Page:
“In the trial that was not actually a trial, Habič was sentenced to death in Kočevje, where the fundamental rights of those who were sentenced to death in an expedited procedure were not taken into account – and this applies for many others. The sentenced person was carried out even before the verdict was served to him. The convict also had no right to appeal, no right of defence, no right to an independent court. His daughter, after exhausting the regular legal remedies, lodged a constitutional complaint and demanded the annulment of such a “judgment,” which really was not a judgment at all, in order to clear her father’s name in her old age. The appellant is clearly right, and in a free and democratic society, she should have succeeded with her constitutional appeal, but because of the unusual composition of the Constitutional Court, which has decided to pursue its goal of defending the abusers of the recent Slovenian history and the multifaceted privileges that still derive from it, instead of trying to create a true, free democratic society, this elementary justice of civilisation cannot be achieved (yet),” Jaklič wrote.
Jaklič put a lot of emphasis on the practice in the civilised world. The actions of the Yugoslav Communists, who appropriated partisanship and tainted it with their savage actions, thus shine in a new, even more barbaric light. Jaklič also pointed out that those who were involved in the Kočevje process did not have any judicial power at all, and after the war, according to the generally accepted principles of civilised nations, they should not have it. “The communist state of Yugoslavia with its judicial apparatus (which was later also inconsistent with the principles of civilised nations, as it was not established by a democratically elected legislator, and therefore was not an independent judiciary), was established later, and at the same time, the Kingdom of Yugoslavia had also not crumbled before the Tito-Šubašić agreement from the 16th of June 1944, and the international recognition of the Allies.”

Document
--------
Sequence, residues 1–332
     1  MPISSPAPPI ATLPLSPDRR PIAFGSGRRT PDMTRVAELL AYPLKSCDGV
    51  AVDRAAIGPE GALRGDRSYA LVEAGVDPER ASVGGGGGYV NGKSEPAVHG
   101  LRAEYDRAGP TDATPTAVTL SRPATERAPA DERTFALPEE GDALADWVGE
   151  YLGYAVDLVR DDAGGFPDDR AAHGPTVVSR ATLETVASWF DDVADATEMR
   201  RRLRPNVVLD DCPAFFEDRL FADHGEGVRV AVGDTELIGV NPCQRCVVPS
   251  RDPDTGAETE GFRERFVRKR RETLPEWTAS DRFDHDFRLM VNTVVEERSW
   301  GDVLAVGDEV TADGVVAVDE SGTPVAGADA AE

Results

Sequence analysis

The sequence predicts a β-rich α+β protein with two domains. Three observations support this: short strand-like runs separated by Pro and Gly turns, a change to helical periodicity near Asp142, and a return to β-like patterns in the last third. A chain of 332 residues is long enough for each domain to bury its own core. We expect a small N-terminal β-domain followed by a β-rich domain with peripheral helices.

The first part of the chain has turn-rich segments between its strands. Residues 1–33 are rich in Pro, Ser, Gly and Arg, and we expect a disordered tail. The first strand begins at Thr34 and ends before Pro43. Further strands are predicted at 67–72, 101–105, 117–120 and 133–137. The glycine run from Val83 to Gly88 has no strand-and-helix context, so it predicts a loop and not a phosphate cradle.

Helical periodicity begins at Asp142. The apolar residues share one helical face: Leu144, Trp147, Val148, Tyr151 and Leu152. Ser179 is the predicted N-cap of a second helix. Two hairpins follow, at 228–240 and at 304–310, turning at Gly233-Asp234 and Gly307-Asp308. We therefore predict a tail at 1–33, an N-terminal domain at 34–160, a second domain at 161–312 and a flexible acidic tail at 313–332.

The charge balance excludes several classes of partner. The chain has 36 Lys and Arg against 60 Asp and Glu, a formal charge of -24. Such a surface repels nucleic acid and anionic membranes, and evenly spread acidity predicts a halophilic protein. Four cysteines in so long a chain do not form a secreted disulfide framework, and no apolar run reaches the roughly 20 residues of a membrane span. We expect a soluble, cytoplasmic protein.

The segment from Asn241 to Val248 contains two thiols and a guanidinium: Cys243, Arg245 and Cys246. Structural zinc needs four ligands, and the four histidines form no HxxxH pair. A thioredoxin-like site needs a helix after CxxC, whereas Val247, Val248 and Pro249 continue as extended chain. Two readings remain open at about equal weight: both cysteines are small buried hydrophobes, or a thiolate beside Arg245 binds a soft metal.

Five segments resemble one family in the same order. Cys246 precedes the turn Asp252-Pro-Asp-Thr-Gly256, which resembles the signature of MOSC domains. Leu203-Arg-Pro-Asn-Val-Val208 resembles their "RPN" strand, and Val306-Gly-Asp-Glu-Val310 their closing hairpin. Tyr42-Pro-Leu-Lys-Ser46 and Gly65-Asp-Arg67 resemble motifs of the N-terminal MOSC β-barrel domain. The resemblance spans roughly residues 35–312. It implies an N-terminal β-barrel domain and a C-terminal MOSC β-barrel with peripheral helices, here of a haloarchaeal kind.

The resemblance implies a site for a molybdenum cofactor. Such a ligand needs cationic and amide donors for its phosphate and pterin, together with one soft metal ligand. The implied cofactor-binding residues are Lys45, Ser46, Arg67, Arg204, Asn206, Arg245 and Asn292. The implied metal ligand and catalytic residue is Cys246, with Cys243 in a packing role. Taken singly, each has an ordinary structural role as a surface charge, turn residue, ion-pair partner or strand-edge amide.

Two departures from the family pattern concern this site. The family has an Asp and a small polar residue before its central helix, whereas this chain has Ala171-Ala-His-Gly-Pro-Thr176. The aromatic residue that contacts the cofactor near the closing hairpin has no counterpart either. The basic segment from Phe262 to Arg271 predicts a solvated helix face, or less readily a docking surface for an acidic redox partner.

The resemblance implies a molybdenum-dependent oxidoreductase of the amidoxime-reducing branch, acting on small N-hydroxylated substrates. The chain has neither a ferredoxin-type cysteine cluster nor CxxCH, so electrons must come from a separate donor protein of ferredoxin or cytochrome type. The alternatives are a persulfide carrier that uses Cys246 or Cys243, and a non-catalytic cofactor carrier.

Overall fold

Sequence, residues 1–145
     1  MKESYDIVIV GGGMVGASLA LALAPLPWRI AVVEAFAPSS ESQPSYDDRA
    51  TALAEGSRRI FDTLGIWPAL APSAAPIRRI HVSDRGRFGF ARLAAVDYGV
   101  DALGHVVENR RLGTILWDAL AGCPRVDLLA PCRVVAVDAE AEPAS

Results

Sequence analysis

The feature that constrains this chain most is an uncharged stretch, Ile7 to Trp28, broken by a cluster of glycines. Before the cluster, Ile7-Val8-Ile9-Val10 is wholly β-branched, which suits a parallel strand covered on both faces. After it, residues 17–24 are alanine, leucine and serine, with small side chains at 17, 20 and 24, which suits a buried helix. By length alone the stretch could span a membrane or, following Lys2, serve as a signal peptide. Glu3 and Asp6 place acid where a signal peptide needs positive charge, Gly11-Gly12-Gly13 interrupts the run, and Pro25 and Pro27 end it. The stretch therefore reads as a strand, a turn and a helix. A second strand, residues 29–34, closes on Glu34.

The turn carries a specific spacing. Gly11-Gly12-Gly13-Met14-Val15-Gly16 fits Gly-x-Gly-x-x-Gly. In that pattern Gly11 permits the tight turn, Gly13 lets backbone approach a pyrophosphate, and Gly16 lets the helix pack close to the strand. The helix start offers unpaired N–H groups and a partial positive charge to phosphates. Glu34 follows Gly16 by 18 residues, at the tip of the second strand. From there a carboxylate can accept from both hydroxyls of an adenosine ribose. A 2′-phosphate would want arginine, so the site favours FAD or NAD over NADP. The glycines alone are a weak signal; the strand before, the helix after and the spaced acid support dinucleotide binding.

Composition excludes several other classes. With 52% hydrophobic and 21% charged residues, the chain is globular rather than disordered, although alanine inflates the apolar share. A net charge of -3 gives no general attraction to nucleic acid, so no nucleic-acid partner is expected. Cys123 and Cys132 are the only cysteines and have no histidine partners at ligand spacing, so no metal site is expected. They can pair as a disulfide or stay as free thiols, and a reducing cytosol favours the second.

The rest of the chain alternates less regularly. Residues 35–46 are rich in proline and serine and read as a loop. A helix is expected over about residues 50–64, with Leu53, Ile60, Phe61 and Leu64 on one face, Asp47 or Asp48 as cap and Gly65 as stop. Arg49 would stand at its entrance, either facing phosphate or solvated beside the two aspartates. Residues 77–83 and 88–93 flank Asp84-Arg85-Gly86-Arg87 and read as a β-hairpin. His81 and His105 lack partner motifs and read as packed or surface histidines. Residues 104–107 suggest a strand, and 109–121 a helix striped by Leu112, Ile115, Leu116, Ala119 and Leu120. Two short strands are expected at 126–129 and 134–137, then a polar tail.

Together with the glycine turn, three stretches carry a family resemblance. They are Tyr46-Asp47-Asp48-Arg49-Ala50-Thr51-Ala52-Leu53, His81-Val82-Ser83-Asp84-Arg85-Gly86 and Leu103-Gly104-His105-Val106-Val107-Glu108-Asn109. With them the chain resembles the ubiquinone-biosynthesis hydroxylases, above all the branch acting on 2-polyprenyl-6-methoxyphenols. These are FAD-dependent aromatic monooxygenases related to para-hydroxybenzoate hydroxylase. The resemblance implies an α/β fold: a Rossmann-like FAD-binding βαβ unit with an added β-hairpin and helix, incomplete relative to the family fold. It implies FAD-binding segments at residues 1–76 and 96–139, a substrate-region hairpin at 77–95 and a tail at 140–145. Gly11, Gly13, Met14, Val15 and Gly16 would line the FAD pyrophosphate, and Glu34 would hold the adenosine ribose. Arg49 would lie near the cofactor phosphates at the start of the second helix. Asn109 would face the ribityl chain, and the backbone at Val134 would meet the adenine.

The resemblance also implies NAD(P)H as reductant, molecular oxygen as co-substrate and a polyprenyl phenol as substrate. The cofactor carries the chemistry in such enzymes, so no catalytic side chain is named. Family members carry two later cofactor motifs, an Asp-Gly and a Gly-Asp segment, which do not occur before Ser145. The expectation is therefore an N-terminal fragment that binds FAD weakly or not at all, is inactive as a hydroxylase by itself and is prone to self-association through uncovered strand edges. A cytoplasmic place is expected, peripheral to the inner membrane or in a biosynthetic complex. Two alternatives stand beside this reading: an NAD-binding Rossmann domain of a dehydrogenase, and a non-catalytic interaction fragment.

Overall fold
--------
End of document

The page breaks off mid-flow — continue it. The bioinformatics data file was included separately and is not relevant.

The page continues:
A constructed process, unworthy of a civilised nation
Jaklič believes that in the Kočevje trial, there was no court making judgments – instead, this was “a classic example of extrajudicial killings by revolutionary groups done outside the formalised state, which has historically been characteristic of uncivilised nations.” According to Jaklič, the Kočevje trials are, according to the legal qualifications, “a war crime and a crime against humanity.” The court that made the judgments there was not independent, but was in the hands of paramilitary communist revolutionaries, and as such, cannot be considered a court at all in the civilised world. In the trial against Habič, a number of other principles were also violated, which were never a question for the civilised nations. Habič was served with the indictment just hours before his trial, and his lawyer was also his interrogator. The judge in the trial was previously the prosecutor in the trial against Habič.
Habič was also deprived of the right to appeal, as he was shot immediately after his conviction. Habič was dead before he even received the verdict. This, according to Jakič, was “in contradiction with even the explicit provision from the procedural regulation, which was used by the ‘court’ from the Kočevje trials itself. This provision required that the judgment be ‘explained.’ Moreover, such a violation also trampled on the fundamental principle of civilised nations that requires a written explanation for a death sentence. Such an explanation is not only intended for the first instance court and the exercising of the right to appeal by the person who was convicted but should have also given the appropriate information to the convicted person.”